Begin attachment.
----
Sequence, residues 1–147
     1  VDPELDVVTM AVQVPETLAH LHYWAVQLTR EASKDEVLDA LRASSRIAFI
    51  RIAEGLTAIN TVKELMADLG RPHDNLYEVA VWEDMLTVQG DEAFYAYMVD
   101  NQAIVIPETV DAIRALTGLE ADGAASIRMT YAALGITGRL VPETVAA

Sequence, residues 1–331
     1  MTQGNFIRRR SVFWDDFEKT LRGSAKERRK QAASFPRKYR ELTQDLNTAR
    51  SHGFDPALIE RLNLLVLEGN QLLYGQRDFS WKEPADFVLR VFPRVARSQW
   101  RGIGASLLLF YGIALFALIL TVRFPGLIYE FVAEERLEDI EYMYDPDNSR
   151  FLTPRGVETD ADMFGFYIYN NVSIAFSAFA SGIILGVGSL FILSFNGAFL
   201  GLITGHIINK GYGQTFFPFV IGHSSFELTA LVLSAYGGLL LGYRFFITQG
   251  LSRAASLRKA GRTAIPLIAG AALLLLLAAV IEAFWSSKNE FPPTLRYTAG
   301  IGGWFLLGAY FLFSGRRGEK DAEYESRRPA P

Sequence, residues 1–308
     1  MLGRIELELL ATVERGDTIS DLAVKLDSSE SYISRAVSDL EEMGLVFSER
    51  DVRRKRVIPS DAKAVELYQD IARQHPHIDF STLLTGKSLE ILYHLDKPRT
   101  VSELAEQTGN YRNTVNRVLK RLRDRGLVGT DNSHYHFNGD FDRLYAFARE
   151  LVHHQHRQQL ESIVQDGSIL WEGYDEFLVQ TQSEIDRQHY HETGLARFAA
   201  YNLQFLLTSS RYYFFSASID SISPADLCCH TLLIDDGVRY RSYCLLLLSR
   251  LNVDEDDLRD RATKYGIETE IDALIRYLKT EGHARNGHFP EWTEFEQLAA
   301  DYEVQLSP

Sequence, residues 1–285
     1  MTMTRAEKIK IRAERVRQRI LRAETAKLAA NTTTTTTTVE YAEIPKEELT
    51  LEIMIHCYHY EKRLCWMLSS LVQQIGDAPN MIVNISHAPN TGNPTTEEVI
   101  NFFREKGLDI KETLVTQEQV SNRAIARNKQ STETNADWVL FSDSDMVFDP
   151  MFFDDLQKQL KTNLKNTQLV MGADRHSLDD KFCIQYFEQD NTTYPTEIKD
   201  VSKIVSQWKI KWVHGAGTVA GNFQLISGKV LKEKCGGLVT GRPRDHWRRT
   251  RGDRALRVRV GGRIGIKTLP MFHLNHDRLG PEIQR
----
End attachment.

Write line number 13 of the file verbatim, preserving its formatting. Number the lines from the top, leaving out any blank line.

Sequence, residues 1–308